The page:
The International Air Transport Association (IATA) announced that Middle Eastern airlines by far witnessed the strongest traffic growth in September, with demand hitting 13.3% year-on-year.
The region registered a growth rate of 17% in August due to seasonal impacts, including Ramadan, dampening traffic.
The IATA report comes at a time when global aviation industry is facing a slowdown in the rate of traffic growth.
International demand for passenger traffic was up 4.1% compared to September 2011. For air cargo, demand growth was even weaker at 0.6%. The growth trend in air travel started to flatten in the second quarter, with no growth in passenger market between April and August.
“A two-speed recovery is emerging into a multi-speed reality,” said IATA director general Tony Tyler. “Carriers in China, Latin America and the Middle East are growing strongly.
The global aviation body head also said that European airlines are experiencing profitless growth as they struggle with high fixed costs and taxes.
“In Africa, the challenge is to turn growth opportunities into profits. But for North American airlines the focus is on tightly managing capacity in order to optimise profits in a slow to no-growth environment.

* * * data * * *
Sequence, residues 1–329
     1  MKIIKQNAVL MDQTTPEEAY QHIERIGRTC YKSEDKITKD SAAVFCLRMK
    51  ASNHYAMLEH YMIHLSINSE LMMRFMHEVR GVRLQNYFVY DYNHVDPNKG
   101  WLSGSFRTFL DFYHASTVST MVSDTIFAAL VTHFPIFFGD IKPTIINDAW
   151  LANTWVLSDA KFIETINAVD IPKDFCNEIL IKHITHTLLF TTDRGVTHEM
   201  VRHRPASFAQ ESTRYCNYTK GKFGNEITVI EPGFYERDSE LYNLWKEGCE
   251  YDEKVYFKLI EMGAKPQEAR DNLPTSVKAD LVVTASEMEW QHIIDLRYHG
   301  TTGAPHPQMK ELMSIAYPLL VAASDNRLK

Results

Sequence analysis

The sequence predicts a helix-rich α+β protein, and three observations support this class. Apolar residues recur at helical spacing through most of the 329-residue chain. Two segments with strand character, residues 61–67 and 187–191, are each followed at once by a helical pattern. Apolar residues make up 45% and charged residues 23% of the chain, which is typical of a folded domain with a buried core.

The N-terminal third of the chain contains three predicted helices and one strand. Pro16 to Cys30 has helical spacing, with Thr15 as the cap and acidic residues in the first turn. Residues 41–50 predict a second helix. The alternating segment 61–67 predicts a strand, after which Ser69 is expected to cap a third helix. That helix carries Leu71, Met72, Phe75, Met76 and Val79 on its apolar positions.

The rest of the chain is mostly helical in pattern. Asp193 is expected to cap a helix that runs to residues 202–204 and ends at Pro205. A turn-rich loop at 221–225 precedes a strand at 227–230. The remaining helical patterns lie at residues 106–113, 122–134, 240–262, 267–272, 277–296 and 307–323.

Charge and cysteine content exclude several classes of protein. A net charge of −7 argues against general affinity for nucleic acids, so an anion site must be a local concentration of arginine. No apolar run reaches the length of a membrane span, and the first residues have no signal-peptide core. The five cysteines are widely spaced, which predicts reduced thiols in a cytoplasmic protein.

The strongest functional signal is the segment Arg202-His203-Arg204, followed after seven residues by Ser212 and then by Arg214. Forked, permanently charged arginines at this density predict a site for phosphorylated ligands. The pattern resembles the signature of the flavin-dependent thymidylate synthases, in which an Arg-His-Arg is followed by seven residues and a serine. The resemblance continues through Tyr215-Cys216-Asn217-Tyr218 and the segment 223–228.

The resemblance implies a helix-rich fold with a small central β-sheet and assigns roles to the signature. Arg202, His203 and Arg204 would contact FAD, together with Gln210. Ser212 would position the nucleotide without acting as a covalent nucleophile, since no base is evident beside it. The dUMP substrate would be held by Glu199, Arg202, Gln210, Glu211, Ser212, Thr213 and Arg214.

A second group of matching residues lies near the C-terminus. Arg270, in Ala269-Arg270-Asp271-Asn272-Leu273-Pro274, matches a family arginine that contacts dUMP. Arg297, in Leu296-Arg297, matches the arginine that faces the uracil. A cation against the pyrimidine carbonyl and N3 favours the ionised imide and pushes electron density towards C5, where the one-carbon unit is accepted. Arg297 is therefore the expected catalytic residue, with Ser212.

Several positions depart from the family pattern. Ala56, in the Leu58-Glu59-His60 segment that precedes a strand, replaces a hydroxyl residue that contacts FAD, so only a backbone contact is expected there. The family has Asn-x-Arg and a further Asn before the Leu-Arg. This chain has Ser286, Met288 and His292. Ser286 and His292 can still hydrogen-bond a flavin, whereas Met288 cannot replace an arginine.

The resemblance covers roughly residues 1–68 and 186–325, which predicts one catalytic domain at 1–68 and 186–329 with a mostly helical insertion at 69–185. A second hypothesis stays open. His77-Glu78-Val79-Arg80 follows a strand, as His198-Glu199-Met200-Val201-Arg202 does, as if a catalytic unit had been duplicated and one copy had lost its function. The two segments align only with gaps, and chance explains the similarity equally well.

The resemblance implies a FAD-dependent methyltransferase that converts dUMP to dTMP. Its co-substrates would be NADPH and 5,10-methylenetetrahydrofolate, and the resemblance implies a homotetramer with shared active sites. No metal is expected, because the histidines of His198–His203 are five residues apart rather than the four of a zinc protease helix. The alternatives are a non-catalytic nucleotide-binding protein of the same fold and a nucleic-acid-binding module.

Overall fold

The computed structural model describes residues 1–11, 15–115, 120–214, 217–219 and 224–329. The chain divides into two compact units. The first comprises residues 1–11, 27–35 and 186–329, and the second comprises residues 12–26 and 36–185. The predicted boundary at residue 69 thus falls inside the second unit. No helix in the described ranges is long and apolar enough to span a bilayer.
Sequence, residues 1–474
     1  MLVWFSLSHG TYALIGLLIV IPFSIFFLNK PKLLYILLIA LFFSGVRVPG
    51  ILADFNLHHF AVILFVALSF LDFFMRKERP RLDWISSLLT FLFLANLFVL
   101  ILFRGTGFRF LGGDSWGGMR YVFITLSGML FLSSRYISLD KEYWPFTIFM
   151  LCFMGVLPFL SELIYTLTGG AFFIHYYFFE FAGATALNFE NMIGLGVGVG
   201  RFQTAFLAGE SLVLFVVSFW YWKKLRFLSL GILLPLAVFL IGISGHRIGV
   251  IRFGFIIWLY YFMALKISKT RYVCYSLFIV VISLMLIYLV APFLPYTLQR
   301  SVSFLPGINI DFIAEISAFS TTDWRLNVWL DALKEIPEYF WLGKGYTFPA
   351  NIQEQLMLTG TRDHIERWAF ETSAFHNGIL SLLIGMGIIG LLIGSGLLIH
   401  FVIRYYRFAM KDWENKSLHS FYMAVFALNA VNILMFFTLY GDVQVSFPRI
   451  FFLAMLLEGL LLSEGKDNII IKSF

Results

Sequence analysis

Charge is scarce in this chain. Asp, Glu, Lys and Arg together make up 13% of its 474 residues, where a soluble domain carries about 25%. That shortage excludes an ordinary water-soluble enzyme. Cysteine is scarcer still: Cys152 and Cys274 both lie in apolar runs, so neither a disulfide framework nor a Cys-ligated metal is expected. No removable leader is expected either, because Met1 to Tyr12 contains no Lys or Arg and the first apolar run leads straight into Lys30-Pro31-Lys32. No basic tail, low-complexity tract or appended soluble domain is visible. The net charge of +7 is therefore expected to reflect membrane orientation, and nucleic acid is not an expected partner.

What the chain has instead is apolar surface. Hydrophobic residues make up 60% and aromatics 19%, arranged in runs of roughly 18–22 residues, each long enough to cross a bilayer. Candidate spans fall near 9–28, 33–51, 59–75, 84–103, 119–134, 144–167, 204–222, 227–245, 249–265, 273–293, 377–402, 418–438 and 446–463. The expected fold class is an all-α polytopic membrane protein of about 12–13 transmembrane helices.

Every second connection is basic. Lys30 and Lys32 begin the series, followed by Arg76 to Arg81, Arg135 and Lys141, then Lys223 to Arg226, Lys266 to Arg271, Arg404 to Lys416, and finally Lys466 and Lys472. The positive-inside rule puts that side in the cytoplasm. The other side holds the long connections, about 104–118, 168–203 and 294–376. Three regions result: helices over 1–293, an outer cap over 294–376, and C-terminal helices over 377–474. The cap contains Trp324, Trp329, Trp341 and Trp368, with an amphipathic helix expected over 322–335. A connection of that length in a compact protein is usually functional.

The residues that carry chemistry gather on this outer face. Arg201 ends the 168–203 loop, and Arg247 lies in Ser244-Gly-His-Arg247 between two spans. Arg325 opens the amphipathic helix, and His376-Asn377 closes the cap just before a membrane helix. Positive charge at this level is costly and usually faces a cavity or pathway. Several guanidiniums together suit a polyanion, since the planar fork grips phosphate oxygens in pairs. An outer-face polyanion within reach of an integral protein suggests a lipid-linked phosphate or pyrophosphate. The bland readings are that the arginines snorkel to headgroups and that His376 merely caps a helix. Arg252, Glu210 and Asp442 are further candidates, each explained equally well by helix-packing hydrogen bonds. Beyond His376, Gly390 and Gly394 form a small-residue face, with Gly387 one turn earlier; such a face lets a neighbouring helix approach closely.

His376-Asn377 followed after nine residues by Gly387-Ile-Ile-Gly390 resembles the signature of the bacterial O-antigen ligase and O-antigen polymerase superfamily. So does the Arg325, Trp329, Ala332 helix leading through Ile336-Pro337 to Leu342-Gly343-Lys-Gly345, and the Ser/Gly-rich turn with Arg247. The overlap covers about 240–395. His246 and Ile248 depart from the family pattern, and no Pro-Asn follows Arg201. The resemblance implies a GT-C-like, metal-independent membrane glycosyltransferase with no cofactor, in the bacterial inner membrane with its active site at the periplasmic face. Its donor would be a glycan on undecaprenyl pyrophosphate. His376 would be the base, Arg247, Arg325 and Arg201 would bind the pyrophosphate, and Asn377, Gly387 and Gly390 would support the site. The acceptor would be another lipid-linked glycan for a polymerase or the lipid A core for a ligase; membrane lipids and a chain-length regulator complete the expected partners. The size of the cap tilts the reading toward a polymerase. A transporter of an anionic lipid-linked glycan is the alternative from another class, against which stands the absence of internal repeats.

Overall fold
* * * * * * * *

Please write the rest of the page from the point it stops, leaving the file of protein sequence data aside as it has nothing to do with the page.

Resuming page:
“Asia-Pacific carriers outside China are a mixed bag. Robust growth in China is being tempered by faltering markets in Japan and India,” Tyler said.
“Putting regional diversity aside, the fact that airlines are making any money at all with weak markets and high fuel prices is a tribute to their strong business performance – as evidenced by maintaining global load factors close to 80pc since the start of 2012,” the IATA boss added.
“Even with that, airlines are expected to eke out a global net profit margin of only 0.6pc. It’s a tough year.”